It’s a practice known as “bill cramming,” wherein third parties pile on charges for their services — sometimes without authorization and often without having provided clear pricing or terms to the user — on consumers’ phone bills. The FTC has already gone after companies accused of dumping bogus charges on landline bills, including last year’s complaint against the nation’s largest third-party billing company, but this is the first case its filed involving wireless cramming.
Per the complaint [PDF], filed yesterday in a U.S. District Court in Georgia, a company called Wise Media is accused of placing unauthorized $9.99/month charges on wireless bills for so-called “premium services” that sent text messages with horoscopes, flirting, love tips and other information.
The FTC claims that the company was signing up consumers at random and making these charges without any permission being given by the consumer. Instead, some consumers would randomly receive text messages from the company saying they were now subscribed to one of its services. Most recipients of these texts say they dismissed the message as spam. Others say that even when they replied to the text to unsubscribe, they were still later charged by Wise Media.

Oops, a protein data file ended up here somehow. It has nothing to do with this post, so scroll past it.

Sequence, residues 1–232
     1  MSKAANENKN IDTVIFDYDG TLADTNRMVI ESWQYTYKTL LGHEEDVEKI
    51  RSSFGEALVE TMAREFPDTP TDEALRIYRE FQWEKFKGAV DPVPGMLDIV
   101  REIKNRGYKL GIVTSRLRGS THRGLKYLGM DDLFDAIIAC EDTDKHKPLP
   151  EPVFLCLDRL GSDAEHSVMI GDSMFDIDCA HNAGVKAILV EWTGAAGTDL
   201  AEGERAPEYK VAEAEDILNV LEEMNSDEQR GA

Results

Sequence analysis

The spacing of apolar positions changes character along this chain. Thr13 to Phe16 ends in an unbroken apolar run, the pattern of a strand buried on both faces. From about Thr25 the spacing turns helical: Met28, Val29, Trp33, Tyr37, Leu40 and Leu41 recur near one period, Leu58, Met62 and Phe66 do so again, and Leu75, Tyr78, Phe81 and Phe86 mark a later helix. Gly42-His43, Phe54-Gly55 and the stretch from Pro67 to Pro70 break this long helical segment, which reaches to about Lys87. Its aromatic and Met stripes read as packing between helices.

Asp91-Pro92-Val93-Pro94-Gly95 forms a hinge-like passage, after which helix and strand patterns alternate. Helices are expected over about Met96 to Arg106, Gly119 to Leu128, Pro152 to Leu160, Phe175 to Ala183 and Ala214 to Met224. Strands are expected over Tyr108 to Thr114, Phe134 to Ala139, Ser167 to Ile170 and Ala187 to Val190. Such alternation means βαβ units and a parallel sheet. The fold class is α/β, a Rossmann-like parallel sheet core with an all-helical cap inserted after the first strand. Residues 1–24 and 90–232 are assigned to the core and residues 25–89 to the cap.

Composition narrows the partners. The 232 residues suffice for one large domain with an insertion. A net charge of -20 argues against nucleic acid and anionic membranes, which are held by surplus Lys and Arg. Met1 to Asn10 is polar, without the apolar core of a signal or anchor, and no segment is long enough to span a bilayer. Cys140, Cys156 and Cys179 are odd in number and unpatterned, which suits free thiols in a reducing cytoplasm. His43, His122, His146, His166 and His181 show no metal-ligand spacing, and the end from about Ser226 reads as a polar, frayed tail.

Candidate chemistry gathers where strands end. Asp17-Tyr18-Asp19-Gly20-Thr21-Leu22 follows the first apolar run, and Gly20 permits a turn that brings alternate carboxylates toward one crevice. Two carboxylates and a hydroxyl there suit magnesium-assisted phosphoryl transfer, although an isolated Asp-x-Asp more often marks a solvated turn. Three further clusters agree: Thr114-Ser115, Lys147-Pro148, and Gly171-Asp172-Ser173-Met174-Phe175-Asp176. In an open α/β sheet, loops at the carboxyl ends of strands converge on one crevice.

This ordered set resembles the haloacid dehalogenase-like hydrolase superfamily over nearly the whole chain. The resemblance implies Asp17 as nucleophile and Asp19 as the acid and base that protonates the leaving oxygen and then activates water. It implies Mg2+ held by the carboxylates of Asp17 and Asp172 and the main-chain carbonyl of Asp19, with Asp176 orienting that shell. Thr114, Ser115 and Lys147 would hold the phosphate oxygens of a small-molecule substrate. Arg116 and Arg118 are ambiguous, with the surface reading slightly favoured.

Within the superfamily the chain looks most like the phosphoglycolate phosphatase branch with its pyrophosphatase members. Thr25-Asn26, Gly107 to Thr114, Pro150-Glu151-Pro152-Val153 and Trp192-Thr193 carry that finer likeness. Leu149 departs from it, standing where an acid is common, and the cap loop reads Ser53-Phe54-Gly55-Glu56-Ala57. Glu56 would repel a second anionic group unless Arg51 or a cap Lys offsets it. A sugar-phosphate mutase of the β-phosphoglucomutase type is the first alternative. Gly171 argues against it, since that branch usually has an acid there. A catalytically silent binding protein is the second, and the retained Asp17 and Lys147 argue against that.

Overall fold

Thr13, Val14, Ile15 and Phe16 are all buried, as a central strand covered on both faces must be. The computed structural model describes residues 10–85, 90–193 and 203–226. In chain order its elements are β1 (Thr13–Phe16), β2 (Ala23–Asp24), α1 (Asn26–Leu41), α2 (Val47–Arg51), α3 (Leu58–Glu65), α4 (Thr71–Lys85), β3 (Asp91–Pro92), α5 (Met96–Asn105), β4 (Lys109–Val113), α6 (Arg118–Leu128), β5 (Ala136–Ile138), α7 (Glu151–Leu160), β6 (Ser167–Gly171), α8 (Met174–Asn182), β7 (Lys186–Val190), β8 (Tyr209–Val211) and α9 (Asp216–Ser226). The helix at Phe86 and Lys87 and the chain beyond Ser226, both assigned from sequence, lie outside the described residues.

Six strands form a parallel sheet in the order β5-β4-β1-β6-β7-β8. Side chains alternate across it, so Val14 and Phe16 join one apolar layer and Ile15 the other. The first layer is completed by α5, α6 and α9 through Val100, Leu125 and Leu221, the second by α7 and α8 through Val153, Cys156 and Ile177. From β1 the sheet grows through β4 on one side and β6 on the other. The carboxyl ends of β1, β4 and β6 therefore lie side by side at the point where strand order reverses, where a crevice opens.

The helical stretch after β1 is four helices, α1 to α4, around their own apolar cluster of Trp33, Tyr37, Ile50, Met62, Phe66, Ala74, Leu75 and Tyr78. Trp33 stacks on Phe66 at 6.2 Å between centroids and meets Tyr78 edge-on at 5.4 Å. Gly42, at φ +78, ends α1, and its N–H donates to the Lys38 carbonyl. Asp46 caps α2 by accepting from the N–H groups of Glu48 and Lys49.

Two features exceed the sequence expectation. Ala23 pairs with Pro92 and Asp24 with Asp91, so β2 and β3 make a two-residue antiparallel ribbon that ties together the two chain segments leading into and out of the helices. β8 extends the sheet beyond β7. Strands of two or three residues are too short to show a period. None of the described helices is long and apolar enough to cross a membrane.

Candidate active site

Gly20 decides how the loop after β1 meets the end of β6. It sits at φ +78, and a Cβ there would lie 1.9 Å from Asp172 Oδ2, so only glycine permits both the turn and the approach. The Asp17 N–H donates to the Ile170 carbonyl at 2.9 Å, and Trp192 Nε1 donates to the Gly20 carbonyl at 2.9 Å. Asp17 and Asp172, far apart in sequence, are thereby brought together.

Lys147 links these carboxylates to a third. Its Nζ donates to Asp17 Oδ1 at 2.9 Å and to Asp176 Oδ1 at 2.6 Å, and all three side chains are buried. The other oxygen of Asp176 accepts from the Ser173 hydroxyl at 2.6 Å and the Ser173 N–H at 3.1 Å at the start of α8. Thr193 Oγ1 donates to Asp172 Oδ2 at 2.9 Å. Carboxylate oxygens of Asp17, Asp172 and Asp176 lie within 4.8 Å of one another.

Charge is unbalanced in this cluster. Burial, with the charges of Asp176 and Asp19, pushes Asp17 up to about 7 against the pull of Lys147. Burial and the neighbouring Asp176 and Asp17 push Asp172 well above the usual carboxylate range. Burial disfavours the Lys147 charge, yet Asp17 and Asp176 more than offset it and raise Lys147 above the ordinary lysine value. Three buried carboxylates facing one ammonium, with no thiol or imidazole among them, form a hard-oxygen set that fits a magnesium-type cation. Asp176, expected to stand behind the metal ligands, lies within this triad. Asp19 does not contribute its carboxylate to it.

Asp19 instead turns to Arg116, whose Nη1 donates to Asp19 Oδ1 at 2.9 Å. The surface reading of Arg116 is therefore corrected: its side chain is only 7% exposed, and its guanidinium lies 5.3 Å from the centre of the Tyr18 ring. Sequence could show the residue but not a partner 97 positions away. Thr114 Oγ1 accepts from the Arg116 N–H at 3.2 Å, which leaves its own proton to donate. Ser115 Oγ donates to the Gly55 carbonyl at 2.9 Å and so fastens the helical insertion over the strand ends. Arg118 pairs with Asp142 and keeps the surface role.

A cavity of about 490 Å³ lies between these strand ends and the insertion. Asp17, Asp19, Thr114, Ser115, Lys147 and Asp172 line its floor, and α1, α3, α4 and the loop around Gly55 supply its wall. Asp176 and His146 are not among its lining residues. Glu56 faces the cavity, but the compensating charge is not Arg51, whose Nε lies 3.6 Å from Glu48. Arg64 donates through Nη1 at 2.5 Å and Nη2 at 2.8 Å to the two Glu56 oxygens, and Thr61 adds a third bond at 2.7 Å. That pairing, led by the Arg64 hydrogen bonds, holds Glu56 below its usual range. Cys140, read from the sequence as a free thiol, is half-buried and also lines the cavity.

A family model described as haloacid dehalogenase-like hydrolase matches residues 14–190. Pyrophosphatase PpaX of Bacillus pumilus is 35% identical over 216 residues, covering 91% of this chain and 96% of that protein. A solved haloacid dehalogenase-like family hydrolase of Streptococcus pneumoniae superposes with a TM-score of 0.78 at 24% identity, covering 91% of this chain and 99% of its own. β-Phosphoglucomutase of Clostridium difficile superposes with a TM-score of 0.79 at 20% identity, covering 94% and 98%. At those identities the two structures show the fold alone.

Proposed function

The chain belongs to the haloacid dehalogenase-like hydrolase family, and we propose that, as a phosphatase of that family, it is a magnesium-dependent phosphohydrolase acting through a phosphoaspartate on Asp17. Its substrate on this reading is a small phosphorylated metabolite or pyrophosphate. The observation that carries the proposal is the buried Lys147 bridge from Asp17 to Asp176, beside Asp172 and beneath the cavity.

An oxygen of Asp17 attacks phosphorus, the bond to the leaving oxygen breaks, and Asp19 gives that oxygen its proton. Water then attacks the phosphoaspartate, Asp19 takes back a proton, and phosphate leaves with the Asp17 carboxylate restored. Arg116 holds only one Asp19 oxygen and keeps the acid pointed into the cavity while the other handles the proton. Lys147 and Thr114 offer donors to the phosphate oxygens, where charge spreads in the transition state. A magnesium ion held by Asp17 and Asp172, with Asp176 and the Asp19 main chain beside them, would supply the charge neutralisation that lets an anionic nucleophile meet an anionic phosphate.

Additionally, the complaint alleges that Wise Media attempted to hide its charges on customers’ bills by using codes that made the cost appear to be something more legitimate than a horoscope or love-advice text service.
Given that wireless bills can now be well over $100, sometimes several hundred dollars for family plans, a number of affected consumers did not even notice the charges immediately and paid their bills in full.
Consumers that did try to contest the charges often found it difficult to find contact information for Wise Media. Those that were able to contact the company were then promised a refund, but did not always receive one, says the FTC.
The FTC alleges that the defendants’ practices were deceptive and unfair in violation of the FTC Act. It has asked the court to immediately freeze the defendants’ assets and order them to halt the questionable practices. Additionally, the FTC is seeking the return of the defendants’ ill-gotten gains so that it may provide refunds to affected consumers.
“The concept of ‘cramming’ charges on to phone bills is a not a new one,” said FTC Chairwoman Edith Ramirez. “As more and more consumers move to mobile phones, scammers have adapted to this new technology, and the Commission will continue its efforts to protect consumers from their unlawful practices.”